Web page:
The stability of coronavirus may make it easier to develop a vaccine against, but until then, it’s highly contagious qualities allow it to continue to sicken millions around the world (file)
Like the DNA contained in our own cells, the genetic material of viruses, too, is prone to mutation as they hurriedly hijack host cells and copy themselves.
Some viruses mutate nearly constantly, making them more difficult for us to keep up with, prevent and treat.
HIV is among the most prolific mutators known to man. It replicates itself rapidly as well, making billions of copies of itself in a single day.
These traits combined make it exceptionally hard to control and allow the virus to become resistant to drugs.
From what we know of it so far, the virus causing the current pandemic – SARS-CoV-2 – is far more reliable than something like HIV.
That’s both good and bad.
On one hand, the less a virus mutates, the better our odds of making a vaccine that can effectively block it are.
But until we have a vaccine – a wait period for which estimates vary wildly, with some experts saying we could have one by January, others predicting making one will take a year or two, and a few, fringe speculators putting its arrival date a far out as 2036 – the stable coronavirus will continue to reliably infect millions and kill hundreds of thousands.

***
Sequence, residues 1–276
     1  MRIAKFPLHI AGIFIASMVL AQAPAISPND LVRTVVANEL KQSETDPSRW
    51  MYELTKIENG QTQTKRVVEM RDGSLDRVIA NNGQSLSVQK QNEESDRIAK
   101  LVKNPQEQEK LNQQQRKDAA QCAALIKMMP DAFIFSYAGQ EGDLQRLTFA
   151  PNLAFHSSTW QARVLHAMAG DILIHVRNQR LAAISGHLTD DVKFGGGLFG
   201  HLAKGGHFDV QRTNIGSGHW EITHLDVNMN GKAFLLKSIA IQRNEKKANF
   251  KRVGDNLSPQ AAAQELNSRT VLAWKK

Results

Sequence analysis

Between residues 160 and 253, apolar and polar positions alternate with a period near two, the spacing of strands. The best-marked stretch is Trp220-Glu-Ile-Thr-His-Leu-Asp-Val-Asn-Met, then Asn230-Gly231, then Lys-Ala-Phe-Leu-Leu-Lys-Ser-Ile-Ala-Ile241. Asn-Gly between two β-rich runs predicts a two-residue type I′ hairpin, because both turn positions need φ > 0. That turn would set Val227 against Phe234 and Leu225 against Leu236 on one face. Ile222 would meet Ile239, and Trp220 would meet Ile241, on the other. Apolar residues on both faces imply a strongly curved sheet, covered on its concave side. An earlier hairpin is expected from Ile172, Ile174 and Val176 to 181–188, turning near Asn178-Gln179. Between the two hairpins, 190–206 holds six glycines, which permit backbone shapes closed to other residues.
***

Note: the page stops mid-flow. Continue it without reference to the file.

A graphic from the Broad Institute shows just a few of the 16,000 coronavirus genomes that scientists have sequenced so far. The ASU scientists say these are just a ‘drop in the bucket,’ and that as more genomes are analyzed, the mutation they found may appear more often
Compared to most viruses, SARS-CoV-2 (pictured) is fairly stable, making the substantial mutation the ASU researchers found more significant
In that sense, some mutations might actually work to our benefit – and the ASU researchers say the unique change they found is one of them.
They sequenced the genomes of the virus found in 382 nasal swab samples.
Like ours, viral genetic material is composed of chemical units known by their letters.
The human genome consists of three billion DNA ‘letters’. Viral genomes are far simpler than ours, and coronavirus consists of 30,000 letters of RNA.